Boys’ schools are increasingly admitting female pupils to boost their image as they improve their exam results and send them shooting up league tables, according to a leading headmistress.

However, she warned that this could have a negative effect on the girls’ education.

Nicole Chapman, head of the state-funded Chelmsford County High School for Girls, argued that a boy-free zone was the most productive setting for many girls, as they could ‘totally be themselves’.

She told The Daily Telegraph: ‘If girls are in a single-sex environment they can totally be themselves. They don’t have to pander to anything to do with being a girl. If they love to do really sporty things, if they love their maths, science or IT, no boy will push them out of the way.

‘In the subjects that are traditionally seen as “male”, like maths and science, girls in girls’ schools perform better and are more likely to be encouraged than in mixed environments.’

She added: ‘Girls perform well so it adds good results to their league tables.’

Ms Chapman sits on the steering committee of the Association of Maintained Girls’ Schools, and her comments came on the eve of the organisation’s annual conference in London.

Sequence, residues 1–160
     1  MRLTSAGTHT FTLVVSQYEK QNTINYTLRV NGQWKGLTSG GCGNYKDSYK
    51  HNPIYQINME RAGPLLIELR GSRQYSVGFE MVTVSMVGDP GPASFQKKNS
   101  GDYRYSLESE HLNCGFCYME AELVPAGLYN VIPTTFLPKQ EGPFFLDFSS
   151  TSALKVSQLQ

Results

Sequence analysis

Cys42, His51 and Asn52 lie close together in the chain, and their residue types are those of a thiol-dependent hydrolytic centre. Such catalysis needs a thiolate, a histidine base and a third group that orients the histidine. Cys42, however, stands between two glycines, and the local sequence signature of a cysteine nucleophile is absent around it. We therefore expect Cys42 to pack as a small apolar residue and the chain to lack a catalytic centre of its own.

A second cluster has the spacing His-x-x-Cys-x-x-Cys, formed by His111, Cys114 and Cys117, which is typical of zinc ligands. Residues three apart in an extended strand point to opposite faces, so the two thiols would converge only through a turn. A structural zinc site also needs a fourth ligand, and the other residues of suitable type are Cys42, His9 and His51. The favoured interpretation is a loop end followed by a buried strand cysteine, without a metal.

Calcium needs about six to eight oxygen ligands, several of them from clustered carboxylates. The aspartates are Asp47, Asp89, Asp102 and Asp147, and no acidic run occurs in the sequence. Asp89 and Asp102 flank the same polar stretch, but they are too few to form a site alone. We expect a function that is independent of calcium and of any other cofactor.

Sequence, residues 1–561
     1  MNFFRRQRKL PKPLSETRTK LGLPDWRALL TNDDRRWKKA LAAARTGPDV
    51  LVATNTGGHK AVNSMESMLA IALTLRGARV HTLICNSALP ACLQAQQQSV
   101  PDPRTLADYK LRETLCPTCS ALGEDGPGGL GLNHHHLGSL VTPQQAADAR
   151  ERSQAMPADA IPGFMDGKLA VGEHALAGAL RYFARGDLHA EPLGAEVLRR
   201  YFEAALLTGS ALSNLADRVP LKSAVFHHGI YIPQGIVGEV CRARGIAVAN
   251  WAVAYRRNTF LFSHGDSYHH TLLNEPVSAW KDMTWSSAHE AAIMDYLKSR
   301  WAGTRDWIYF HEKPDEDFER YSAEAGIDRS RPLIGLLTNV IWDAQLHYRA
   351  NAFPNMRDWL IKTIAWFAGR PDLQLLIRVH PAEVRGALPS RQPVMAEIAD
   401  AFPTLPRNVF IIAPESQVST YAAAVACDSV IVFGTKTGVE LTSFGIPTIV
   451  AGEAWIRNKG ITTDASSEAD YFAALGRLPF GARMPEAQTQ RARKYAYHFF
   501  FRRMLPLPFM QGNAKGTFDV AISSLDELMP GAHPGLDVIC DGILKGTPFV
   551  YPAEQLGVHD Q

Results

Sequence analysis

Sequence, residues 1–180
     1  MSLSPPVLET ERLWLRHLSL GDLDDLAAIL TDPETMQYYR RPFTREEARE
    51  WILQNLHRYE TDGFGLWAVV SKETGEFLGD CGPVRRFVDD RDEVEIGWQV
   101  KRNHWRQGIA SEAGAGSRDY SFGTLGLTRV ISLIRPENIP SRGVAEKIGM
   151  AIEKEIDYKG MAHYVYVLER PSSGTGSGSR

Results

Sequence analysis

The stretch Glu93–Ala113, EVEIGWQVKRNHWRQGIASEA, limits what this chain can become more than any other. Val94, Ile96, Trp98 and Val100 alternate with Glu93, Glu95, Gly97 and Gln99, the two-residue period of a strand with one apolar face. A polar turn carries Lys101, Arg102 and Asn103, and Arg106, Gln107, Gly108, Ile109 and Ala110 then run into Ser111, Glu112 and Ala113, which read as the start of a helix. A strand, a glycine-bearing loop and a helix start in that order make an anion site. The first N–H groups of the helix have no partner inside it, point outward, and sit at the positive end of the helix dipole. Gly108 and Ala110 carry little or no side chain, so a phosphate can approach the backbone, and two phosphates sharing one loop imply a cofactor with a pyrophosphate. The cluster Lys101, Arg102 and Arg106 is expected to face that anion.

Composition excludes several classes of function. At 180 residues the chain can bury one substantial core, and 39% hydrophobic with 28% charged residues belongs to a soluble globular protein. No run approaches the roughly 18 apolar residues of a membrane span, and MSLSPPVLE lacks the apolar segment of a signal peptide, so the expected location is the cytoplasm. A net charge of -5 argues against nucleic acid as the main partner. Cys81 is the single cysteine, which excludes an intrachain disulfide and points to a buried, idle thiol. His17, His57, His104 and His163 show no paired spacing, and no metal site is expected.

Admitting girls at sixth-form level is a standard policy for several high-profile boys’ schools, such as Magdalen College School in Oxford and London’s Westminster and King’s College schools.

Aside from PR for the school, Ms Chapman claims many boys’ schools admit girls because they are a calming influence on sometimes ‘rough’ male pupils.

Many girls, meanwhile, go to boys' schools for romantic reasons, she claimed.

There are 400 boys’ schools in England and Wales compared to 620 girls’ schools, with the overall number declining in the past 25 years.

Chris Keates, General Secretary of teachers' union the NASUWT, told MailOnline: 'The NASUWT is not surprised that stories are emerging about admissions into schools. The Government has fostered a culture of competition between schools and removed the mechanisms which were in place to monitor schools admissions.

'This is just another example of the market driven free-for-all the Coalition Government is creating in education.'

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